This argument really boils down to whether you want to use POJOs or Maps for the data you are dealing with, as that is the fundamental difference between the 2 styles of handling data.
JsonObject (from jee7) is just a Map (the actual type signature extends
Using POJO's (eg deserialised using Jackson) are real objects.
So if you dont use domain/model classes for your data normally then I guess a
Map will do. If you do (like most developers would), then it's a good idea to extend this practice to your API contracts.
To address specific points:
JsonObject saves from unnecessary data serialisation at the same time reducing number of classes heavily.
It doesn't, both of these JSON API's require serialisation/deserialisation, which is the process of turning wire data into an object. I would bet that Jackson is faster than JsonObject, however as Satyendra Kumar pointed out benchmarking is going to prove it one way or other.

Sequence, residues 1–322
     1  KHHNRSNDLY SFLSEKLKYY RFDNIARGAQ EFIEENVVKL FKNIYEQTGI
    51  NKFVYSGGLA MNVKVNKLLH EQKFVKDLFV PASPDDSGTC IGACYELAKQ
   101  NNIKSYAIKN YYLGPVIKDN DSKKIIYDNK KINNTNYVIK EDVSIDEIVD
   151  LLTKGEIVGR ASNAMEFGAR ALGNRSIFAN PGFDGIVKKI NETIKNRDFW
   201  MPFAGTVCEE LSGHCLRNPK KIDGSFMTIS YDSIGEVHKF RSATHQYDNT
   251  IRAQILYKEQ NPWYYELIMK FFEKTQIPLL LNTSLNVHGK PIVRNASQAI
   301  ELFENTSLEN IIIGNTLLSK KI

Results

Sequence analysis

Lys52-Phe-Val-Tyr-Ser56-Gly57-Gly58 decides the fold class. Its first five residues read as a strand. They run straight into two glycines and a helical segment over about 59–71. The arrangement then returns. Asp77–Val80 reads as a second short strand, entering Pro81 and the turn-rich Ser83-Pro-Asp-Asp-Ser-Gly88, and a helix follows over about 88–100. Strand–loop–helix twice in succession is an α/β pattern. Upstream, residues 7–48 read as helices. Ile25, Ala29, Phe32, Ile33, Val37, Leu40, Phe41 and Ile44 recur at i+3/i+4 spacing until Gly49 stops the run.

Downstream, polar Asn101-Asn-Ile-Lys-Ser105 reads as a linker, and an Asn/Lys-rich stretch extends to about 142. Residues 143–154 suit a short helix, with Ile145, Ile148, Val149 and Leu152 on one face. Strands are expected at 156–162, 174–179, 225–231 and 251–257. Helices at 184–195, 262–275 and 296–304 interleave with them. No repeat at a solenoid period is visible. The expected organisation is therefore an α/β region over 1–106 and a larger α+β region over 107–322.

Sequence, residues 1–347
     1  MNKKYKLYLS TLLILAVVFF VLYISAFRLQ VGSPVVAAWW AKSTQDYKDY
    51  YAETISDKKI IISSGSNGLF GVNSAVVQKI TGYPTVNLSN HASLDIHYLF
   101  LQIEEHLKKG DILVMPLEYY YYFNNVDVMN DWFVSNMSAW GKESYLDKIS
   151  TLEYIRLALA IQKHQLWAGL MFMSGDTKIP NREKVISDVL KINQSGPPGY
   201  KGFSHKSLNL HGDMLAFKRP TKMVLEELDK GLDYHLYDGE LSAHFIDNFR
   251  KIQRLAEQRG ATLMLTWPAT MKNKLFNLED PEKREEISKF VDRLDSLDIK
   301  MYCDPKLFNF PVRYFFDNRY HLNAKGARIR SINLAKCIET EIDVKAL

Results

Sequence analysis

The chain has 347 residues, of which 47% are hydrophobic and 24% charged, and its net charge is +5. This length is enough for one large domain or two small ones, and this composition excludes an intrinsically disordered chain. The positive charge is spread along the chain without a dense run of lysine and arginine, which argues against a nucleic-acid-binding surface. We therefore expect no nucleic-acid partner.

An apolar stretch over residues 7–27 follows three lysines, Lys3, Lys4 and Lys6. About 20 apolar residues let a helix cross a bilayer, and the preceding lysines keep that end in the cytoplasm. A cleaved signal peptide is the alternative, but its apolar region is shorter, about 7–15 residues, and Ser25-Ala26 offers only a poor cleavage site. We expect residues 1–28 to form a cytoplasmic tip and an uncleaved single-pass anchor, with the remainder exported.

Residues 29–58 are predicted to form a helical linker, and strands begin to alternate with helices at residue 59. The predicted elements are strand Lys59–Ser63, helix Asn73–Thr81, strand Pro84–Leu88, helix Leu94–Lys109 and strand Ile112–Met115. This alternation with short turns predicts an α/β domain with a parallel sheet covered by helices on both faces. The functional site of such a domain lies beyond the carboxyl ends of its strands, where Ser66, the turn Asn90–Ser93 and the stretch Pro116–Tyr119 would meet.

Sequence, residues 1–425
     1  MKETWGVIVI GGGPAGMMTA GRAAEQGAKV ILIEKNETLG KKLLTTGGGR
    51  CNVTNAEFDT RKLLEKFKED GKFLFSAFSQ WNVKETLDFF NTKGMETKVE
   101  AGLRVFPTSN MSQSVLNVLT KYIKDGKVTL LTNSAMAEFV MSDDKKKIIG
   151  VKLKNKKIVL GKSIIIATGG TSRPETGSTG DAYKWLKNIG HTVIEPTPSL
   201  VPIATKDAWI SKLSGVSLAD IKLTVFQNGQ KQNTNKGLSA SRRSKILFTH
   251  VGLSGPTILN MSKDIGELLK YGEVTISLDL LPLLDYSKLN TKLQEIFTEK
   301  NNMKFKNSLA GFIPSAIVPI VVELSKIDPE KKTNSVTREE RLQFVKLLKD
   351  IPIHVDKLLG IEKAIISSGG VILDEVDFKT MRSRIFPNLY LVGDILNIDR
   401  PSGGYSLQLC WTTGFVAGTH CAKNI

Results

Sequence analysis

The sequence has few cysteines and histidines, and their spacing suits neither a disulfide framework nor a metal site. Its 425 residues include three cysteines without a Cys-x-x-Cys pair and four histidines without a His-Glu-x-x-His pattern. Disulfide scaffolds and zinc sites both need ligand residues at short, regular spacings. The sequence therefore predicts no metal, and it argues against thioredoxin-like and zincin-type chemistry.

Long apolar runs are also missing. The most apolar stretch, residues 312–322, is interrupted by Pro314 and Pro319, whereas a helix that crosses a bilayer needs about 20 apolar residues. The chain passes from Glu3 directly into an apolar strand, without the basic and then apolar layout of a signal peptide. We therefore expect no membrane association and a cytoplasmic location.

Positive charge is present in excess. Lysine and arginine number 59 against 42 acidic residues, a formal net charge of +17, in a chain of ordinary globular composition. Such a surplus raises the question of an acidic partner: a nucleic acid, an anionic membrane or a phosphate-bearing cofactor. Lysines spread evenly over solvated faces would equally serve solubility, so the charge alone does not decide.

while using pojo we are binding tightly with the rest service, while jsonObject gives freedom
If you are using the data from the API you are bound to the data model, whether you get the data from a property
For a really comprehensive discussion on the tradeoffs between classes and maps, check out this SoftwareEngineering post
It's worth pointing out that using Jackson/POJOs doesn't mean you are tightly coupled to your local model of a REST response. Jackson has excellent support for the Tolerant Reader pattern, which means that new fields in the API response will not break deserialisation, and a bunch of annotations like
@JsonIgnore for mapping the API responses back to your local domain model.
It also provides powerful tools for dealing with collections and generics.
Finally if the service you are interacting with is big and complex, if they provide a swagger/raml spec then you can generate the models based on that spec which should greatly reduce the time taken to curate the POJOs.